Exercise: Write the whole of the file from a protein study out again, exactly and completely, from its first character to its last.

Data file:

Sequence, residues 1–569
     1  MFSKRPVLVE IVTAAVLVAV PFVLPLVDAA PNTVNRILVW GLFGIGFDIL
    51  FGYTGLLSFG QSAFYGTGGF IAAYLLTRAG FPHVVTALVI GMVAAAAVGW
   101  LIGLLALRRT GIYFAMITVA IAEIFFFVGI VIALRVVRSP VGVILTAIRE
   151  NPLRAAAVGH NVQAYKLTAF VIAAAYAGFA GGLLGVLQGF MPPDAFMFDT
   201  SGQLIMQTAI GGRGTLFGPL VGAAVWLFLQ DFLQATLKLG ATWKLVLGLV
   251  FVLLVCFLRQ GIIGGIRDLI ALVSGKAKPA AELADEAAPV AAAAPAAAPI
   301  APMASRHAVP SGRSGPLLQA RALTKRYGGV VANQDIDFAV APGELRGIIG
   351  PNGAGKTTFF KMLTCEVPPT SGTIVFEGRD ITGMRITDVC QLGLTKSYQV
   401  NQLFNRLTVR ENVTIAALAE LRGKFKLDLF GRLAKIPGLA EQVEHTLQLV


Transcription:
Sequence, residues 1–569
     1  MFSKRPVLVE IVTAAVLVAV PFVLPLVDAA PNTVNRILVW GLFGIGFDIL
    51  FGYTGLLSFG QSAFYGTGGF IAAYLLTRAG FPHVVTALVI GMVAAAAVGW
   101  LIGLLALRRT GIYFAMITVA IAEIFFFVGI VIALRVVRSP VGVILTAIRE
   151  NPLRAAAVGH NVQAYKLTAF VIAAAYAGFA GGLLGVLQGF MPPDAFMFDT
   201  SGQLIMQTAI GGRGTLFGPL VGAAVWLFLQ DFLQATLKLG ATWKLVLGLV
   251  FVLLVCFLRQ GIIGGIRDLI ALVSGKAKPA AELADEAAPV AAAAPAAAPI
   301  APMASRHAVP SGRSGPLLQA RALTKRYGGV VANQDIDFAV APGELRGIIG
   351  PNGAGKTTFF KMLTCEVPPT SGTIVFEGRD ITGMRITDVC QLGLTKSYQV
   401  NQLFNRLTVR ENVTIAALAE LRGKFKLDLF GRLAKIPGLA EQVEHTLQLV